By Phil Franz-Warkentin, MarketsFarm
WINNIPEG, Feb. 26 (MarketsFarm) – The ICE Futures canola market was mixed on Friday, recovering from earlier losses in the front months as sharp weakness in the Canadian dollar provided some support.
Canola had posted losses for most of the session as speculative profit-taking and a slowdown in end-user demand weighed on values.
Declines in Chicago Board of Trade soybeans also weighed on prices, although soybeans ended off their lows for the session and soyoil finished higher.
The Canadian dollar was down more than a cent relative to its United States counterpart, which helped crush margins improve and contributed to the turn higher in the front months. Ongoing concerns over tight old crop supplies also provided support.
About 36,585 canola contracts traded on Friday, which compares with Thursday when 38,999 contracts changed hands. Spreading accounted for 8,170 of the contracts traded.
SOYBEAN futures at the Chicago Board of Trade were weaker on Friday, seeing some follow-through selling after Thursday’s losses while participants booked profits on the last trading day of the month.
Renewed concerns over African swine fever in China and a possible downturn in demand out of the country, also weighed on prices.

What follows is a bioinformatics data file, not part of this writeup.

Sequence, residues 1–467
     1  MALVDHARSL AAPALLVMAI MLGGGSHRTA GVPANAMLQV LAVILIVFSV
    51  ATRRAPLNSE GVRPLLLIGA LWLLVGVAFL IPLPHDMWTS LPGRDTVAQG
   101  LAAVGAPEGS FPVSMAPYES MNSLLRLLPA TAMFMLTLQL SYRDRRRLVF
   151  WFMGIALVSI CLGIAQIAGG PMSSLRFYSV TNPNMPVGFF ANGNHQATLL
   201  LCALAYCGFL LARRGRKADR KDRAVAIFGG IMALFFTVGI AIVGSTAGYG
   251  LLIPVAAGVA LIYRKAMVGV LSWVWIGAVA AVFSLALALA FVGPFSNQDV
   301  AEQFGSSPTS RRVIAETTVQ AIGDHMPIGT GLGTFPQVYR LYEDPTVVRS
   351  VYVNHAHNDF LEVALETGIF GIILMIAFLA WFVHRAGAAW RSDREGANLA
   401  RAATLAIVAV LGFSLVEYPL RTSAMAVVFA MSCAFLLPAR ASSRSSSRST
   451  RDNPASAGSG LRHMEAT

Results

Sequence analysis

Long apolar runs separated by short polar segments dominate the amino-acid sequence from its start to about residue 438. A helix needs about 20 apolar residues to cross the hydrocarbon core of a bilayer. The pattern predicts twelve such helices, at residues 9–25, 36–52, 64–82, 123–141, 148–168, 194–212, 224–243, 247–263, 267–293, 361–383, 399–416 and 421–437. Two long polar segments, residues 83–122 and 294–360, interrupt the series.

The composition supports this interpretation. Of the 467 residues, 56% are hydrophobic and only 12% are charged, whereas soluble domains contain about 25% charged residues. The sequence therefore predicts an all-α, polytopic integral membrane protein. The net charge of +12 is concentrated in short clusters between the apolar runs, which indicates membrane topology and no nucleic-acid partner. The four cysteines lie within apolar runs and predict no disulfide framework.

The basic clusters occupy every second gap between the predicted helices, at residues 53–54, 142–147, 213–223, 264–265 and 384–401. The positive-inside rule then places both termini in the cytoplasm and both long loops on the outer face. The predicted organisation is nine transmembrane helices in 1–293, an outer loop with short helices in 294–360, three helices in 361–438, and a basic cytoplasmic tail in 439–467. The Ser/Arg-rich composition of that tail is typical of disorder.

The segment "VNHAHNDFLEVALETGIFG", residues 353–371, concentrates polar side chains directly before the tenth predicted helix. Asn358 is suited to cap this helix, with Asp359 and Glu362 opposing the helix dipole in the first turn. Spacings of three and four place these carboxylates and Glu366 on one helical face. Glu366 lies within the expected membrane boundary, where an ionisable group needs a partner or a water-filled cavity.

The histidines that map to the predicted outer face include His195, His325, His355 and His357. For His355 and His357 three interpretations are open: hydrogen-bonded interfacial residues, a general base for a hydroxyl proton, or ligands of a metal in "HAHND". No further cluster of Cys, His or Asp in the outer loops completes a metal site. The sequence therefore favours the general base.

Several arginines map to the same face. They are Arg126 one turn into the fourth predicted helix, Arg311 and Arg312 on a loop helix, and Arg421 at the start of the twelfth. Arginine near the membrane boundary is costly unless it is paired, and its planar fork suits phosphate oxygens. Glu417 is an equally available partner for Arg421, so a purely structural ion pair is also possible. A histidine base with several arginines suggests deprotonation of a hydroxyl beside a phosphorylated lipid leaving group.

However, uncertainty over the South American harvest provided some underlying support, as rains in Brazil continue to cause delays for the soybean harvest there.
CORN futures were also pressured by month-end profit-taking and concerns over declining demand from China, although the grain ended narrowly mixed.
Delays seeding Brazil’s corn crop did provide some support.
WHEAT futures were lower on the day, as Thursday’s disappointing export sales remained a bearish influence.
General strength in the United States dollar contributed to the softer tone in wheat, as the rising currency makes U.S. wheat more expensive for global buyers.
France AgriMer pegged that country’s winter wheat crop at 87 per cent good to excellent. That was up one point on the week and well above the 64 per cent good to excellent reported at the same time last year.